The Who's TOMMY

The annual mid-summer musicals presented by Players by the Sea have become a tradition much anticipated by local theatre patrons for several reasons. The principal reasons are that Players selects such interesting musicals and performs them so very well. This year’s Tommy that opened July 15 and runs through August 6 meets and exceeds the high standards they have set in previous years.
In 1969 the legendary British rock group “The Who” debuted “Tommy,” a rock opera conceived by band member and principal author, Peter Townshend, and the rest is musical history. The Who performed the popular concert version in many venues, which culminated in a Metropolitan Opera Performance in 1970. In 1975, a film adaptation with lead singer Roger Daltrey in the title role featured such notables as Ann Margaret, Oliver Reed, Tina Turner, Elton John, Eric Clapton and Jack Nicholson.
In 1993 Des McAnuff and Townshend wrote and produced the Broadway musical Tommy that went on to win five Tony Awards, and joined the unofficial Rock Opera Hall of Fame along with Jesus Christ, Superstar and Hair.
A simple plot summary would go like this: A British child witnesses the accidental shooting of his mother’s lover by his father, a World War II veteran previously declared killed in action, who unexpectedly reappears after an absence of six years. The resulting trauma leaves Tommy blind, deaf, and dumb until, as a teenager, he discovers an unexplained and uncanny ability to excel at pinball, which leads to international fame. His journey back to reality follows in a most interesting story.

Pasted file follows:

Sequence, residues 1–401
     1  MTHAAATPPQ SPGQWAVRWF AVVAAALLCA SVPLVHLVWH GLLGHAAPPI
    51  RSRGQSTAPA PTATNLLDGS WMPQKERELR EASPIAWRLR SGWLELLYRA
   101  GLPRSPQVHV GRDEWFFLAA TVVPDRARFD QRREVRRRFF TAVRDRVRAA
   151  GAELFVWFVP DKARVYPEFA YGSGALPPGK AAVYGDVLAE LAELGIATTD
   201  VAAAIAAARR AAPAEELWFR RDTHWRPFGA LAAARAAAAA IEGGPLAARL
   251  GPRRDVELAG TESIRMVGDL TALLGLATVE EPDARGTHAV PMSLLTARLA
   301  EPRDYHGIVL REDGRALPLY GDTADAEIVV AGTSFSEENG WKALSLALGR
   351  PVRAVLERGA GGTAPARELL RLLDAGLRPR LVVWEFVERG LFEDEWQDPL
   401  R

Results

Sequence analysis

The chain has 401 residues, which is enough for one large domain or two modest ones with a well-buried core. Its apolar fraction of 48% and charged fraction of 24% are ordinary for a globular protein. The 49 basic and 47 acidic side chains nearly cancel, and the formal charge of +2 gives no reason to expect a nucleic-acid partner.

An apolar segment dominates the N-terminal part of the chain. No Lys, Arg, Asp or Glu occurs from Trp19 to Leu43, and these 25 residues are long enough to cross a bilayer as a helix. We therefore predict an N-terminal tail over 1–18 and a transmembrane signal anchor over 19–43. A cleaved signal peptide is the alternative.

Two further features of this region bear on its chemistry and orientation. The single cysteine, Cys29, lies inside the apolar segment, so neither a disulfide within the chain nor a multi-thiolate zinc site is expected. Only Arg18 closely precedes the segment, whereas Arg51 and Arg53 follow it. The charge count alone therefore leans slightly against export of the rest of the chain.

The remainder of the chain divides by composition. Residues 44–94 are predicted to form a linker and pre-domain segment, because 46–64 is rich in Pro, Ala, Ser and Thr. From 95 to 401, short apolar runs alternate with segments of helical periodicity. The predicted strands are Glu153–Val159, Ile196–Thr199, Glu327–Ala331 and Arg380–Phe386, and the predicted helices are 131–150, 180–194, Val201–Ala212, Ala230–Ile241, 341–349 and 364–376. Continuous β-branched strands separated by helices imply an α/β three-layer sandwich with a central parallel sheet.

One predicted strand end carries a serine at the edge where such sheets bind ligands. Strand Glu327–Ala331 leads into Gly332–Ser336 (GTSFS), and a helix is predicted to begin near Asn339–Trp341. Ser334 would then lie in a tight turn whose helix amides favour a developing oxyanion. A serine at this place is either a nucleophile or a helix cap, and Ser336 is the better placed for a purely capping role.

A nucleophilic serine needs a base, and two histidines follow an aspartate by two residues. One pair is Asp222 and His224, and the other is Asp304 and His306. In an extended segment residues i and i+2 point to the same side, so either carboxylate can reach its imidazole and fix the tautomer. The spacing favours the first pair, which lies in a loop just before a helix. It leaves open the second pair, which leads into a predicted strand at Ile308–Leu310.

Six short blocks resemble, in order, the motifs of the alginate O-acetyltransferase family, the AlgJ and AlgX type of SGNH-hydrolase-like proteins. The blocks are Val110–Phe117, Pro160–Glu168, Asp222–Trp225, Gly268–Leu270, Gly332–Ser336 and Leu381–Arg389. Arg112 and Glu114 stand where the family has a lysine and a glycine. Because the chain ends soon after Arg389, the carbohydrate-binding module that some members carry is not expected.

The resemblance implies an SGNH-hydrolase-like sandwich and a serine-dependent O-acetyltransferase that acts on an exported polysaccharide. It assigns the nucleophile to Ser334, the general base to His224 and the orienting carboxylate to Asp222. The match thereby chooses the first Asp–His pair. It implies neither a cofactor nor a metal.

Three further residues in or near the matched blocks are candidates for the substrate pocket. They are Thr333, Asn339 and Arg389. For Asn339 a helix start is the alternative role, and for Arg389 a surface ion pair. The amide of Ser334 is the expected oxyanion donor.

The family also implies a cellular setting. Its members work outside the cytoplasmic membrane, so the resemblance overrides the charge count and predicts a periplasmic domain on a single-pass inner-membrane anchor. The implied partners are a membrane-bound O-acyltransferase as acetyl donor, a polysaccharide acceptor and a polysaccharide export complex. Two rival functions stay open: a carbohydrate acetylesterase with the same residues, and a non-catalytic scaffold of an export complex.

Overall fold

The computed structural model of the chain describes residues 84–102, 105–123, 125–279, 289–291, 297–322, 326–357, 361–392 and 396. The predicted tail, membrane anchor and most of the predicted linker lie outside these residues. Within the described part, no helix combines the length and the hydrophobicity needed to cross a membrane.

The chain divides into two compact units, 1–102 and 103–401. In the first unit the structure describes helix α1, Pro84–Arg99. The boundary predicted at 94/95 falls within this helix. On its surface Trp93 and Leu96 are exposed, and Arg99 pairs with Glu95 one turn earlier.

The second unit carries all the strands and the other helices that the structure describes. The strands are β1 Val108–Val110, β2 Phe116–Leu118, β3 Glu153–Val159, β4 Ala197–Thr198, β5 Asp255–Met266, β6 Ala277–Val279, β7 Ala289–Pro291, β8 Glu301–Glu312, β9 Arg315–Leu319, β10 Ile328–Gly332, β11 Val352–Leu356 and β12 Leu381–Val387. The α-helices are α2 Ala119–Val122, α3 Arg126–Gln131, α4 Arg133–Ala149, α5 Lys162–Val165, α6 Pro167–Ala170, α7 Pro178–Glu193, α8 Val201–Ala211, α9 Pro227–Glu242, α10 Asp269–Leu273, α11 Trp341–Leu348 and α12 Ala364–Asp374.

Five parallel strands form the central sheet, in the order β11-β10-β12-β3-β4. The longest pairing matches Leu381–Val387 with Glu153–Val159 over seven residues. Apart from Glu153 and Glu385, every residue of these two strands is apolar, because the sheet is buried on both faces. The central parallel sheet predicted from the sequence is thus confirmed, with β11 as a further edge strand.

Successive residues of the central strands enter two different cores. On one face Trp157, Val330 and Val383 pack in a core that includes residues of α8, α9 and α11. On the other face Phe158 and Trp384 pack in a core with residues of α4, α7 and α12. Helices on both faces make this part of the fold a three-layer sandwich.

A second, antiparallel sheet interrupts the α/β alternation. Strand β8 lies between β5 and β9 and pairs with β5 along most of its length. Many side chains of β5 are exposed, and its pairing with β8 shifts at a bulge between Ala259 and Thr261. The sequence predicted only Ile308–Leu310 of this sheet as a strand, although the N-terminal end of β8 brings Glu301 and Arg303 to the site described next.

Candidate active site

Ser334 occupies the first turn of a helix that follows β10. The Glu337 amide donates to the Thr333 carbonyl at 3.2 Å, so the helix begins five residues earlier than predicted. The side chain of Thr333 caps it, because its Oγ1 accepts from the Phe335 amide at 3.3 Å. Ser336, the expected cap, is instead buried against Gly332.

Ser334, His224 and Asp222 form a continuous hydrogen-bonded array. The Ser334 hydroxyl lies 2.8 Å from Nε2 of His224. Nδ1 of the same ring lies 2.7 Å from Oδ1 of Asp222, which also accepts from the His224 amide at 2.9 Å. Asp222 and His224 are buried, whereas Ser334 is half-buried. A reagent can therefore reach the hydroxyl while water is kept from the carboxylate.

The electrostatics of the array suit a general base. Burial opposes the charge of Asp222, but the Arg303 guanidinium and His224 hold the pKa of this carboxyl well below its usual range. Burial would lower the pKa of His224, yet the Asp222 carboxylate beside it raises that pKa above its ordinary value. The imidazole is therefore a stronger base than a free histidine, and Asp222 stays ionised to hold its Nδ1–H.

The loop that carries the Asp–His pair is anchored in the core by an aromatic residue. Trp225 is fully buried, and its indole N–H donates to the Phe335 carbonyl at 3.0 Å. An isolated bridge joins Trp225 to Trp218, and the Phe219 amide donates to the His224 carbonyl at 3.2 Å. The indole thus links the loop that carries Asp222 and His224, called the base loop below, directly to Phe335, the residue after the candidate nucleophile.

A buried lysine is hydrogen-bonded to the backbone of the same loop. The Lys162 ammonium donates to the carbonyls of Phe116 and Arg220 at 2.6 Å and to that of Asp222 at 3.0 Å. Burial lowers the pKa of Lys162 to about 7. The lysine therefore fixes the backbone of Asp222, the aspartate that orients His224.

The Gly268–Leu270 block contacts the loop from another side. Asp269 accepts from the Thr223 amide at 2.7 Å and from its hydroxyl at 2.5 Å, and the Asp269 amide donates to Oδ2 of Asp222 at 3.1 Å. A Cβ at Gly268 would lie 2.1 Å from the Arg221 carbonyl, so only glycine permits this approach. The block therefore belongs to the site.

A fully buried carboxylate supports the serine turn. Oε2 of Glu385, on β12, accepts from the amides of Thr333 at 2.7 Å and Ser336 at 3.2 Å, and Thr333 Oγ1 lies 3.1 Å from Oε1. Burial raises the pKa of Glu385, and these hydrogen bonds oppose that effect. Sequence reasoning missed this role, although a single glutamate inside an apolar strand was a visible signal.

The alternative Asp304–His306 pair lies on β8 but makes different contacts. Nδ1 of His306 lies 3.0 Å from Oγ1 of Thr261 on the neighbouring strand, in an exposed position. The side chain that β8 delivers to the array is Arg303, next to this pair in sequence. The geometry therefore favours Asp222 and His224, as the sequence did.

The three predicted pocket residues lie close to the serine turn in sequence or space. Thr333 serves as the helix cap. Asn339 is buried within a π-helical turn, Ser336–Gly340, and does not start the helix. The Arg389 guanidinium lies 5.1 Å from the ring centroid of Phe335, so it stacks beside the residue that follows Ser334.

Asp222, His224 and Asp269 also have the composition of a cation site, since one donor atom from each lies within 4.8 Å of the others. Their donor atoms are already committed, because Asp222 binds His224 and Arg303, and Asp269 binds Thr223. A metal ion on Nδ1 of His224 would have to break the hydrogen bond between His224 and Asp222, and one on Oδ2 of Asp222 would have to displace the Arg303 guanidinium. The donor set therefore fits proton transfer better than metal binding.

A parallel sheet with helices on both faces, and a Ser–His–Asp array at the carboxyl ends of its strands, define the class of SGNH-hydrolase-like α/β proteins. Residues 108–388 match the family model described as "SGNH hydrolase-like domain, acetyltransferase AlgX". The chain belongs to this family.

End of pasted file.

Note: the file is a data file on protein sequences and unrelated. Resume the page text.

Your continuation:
Even if you are not a fan of rock opera, and regardless of your age, you will find this Staci Cobb directed musical mesmerizing. The action is continuous, with scenes moving on and off the stage one after another so quickly that you will barely find time to applaud.
Look at the program before the show and you will see over thirty songs listed, and since this is an “opera” there is little spoken dialogue. Many of the musical numbers are very short. “Pinball Wizard,” the big hit from Tommy, and the powerful “See Me, Feel Me” were both top tunes some years ago.
There are eight principal characters, with twenty other cast members, each playing multiple roles. Two young actors play Tommy in the early years and both give remarkable performances. Dante Gonzalez is the 4-year old; Tadan Middleton is the 10-year old.
Tracy Olin as Mrs. Walker and Josh Waller as Captain Walker are terrific as Tommy’s parents. Bill Ratliff is funny and scary at the same time as the evil and sinister Uncle Ernie. Juan Unzueta as Cousin Kevin sings the electrifying “Pinball Wizard,” joined by pinball lads played by Joe Walz and Dominique Lawson, along with other cast members. The talented Aaron Marshall makes a stab at curing Tommy as the Acid Queen; Ms. Marshall also plays second guitar in the band. In the title role is the handsome and gifted Jacksonville University student, Ross Frontz, an excellent singer in a charismatic portrayal of Tommy.